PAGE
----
Louisville salmonella patient sues Kroger, Caito Foods over precut melon
Published 10:30 a.m. ET April 16, 2019 | Updated 3:19 p.m. ET April 16, 2019
A Louisville woman has filed the first federal lawsuit in connection with the multistate salmonella outbreak linked to precut melon.
The complaint filed Monday in U.S. District Court in Louisville alleges the 50-year-old woman ate precut melon tainted with salmonella. The tainted melon was packaged by Caito Foods and sold at Kroger, according to the complaint.
She became ill after eating the melon and was hospitalized, the complaint says.
The woman was diagnosed with salmonella and later learned her illness was part of the multistate outbreak, according to the complaint.
Jory Lange, a national food safety attorney who is representing the woman along with Louisville attorney Hans Poppe, told the Courier Journal the woman has since been released from the hospital.
"She thought she was going to die for a couple days there," Lange said. "She fortunately made it through, but this was pretty traumatic."
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The lawsuit names Caito Foods and Kroger as defendants and asks for compensation related to medical expenses and lost time from work.
A spokeswoman for Kroger did not immediately return messages seeking comment.
A spokeswoman for SpartanNash, the parent company of Caito Foods, said the company does not comment on pending litigation but referred to a statement issued by Caito Foods following the voluntary recall.
"Caito Foods takes food safety seriously and is committed to following strict procedures regarding product handling and the cleaning and maintenance of our facilities to deliver the high quality products our customers have come to expect for more than 50 years," the statement said. "... We continue to cooperate fully with the regulatory agencies on this matter, including their request to help determine the farm where the fruit was grown."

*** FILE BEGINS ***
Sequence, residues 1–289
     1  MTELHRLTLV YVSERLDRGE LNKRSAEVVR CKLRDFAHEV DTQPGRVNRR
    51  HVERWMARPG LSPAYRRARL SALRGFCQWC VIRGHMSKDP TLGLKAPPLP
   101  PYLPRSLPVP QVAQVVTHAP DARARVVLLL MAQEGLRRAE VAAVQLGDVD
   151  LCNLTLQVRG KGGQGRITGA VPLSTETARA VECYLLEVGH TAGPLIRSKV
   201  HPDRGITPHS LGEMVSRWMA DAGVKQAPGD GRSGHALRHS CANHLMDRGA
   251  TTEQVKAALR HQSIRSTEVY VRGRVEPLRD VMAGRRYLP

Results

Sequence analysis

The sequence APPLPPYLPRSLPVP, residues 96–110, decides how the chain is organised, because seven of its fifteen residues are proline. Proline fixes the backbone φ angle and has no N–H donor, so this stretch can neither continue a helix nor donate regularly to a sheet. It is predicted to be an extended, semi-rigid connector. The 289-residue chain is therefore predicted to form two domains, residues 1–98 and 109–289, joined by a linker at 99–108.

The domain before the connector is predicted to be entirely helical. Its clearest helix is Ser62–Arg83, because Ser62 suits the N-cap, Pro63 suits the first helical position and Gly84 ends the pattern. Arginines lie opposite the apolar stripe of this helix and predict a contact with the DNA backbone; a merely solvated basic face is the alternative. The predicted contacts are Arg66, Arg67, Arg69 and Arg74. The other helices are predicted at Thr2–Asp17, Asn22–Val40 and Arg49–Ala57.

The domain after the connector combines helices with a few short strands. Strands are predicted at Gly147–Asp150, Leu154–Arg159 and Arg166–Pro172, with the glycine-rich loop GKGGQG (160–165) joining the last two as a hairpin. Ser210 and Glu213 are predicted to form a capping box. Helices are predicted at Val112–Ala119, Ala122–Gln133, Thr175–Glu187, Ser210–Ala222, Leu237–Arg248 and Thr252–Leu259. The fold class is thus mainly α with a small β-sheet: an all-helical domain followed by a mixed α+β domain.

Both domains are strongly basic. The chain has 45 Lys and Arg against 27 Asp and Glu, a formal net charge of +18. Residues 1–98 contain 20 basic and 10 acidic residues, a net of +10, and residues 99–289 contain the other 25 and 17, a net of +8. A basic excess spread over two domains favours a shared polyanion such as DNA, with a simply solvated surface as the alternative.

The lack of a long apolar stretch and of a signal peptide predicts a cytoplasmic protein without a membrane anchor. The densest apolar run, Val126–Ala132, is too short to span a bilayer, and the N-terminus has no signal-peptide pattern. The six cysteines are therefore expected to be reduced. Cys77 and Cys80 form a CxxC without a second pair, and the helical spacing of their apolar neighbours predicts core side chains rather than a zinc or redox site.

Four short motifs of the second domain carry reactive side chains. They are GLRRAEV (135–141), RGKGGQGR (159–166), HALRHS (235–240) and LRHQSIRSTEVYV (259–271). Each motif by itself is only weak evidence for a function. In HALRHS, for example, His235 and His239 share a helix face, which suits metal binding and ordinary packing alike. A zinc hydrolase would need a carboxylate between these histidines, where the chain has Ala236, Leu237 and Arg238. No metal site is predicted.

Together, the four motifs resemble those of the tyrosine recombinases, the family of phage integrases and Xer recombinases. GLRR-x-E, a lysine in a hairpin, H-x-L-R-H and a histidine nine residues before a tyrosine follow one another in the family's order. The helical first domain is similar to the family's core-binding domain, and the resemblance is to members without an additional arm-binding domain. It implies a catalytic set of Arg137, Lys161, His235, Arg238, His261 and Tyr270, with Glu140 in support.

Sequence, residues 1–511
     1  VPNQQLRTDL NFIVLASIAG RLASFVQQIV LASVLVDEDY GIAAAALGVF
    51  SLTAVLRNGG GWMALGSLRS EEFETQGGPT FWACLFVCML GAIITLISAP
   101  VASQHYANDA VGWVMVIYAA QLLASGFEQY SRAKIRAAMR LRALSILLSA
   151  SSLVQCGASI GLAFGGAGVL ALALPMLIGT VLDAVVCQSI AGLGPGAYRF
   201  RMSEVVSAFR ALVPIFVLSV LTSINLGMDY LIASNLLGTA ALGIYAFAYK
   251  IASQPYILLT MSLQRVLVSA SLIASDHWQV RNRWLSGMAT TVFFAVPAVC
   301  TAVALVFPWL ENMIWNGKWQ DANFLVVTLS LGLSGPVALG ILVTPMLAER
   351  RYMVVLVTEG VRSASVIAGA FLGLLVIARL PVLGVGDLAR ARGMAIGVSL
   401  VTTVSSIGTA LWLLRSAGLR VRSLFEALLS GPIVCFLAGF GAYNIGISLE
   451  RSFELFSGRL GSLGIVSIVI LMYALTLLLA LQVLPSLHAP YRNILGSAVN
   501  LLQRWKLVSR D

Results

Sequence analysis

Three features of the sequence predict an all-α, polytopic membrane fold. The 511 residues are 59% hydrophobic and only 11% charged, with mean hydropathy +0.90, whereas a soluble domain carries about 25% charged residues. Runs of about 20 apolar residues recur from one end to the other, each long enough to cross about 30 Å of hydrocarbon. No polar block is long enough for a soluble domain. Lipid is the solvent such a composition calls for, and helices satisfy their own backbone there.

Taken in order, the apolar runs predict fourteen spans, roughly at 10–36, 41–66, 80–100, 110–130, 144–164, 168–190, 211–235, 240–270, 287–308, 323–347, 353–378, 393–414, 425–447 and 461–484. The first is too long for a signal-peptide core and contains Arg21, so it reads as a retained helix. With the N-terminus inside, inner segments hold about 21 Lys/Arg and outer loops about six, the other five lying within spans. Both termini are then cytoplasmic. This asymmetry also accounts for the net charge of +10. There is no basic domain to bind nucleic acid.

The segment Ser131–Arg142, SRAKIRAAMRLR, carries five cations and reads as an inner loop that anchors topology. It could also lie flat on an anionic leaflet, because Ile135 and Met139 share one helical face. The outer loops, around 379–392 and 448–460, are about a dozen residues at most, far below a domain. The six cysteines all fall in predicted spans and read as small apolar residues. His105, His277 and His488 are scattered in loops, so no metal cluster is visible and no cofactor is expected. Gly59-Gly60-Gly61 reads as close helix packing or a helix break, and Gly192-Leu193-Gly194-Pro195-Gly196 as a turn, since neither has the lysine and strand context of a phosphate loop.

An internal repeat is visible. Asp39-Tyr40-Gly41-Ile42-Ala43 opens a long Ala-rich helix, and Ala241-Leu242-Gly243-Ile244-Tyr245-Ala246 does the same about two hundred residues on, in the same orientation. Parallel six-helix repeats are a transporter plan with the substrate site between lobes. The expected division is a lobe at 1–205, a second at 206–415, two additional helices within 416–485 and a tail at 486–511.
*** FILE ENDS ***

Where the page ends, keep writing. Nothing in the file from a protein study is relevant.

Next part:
The multistate salmonella outbreak linked to several fresh-cut melon products has sickened nearly three dozen people in Kentucky and Indiana, according to federal data.
The Centers for Disease Control and Prevention said 16 people in Kentucky and 18 people in Indiana were infected with the strain of Salmonella Carrau as of April 12.
That's when Indianapolis-based Caito Foods recalled fresh-cut watermelon, honeydew melon, cantaloupe and mixed fruit containing those melons.
The fruit products were distributed in 16 states and have been linked with 93 salmonella cases in nine states, according to the CDC.
The recalled fruit items were sold at Kroger and Trader Joe's locations in Kentucky and Indiana, according to the U.S. Food and Drug Administration. Walmart stores in Indiana also sold the fruit.
Target and Whole Foods locations in other states also had the recalled items, the FDA said.
As of April 12, the CDC said 23 of the 53 people with information available on their cases had been hospitalized, but no deaths had been reported.
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Illnesses started cropping up between March 4 and March 31, with most of the cases involving adults over the age of 50. The CDC said the ill people range in age from less than 1 to 98 years old.
Seventy-seven percent of ill people who were interviewed reported eating precut melons purchased from groceries, according to the CDC.
Federal officials said evidence indicates precut melon sold by Caito Foods is the likely source of the multistate outbreak.
Impacted products are sold in packages as small as 4.5 ounces or as large as 80 ounces, according to the FDA.
Product use-by dates are as late as April 19, and the FDA said it is possible the products are still on store shelves.
As a result, the FDA said consumers should quickly dispose of any recalled products they may have.
For a full list of recalled products, visit the FDA website.
Lange said his firm also filed lawsuits after Caito Foods recalled precut melon products last summer following a similar salmonella outbreak.
Salmonella Carrau is an organism that can cause serious and sometimes fatal infections in young children, the frail or elderly and others with weakened immune systems, the FDA says.
Symptoms include diarrhea, fever and abdominal cramps, and they usually develop 12 to 72 hours after eating a contaminated product, according to the CDC.
The illness usually lasts four to seven days, and most people recover without treatment, but some severe cases require hospitalization, the CDC says.
The investigation into the outbreak is ongoing.
USA TODAY contributed to this story. Reach Billy Kobin at firstname.lastname@example.org or 502-582-7030.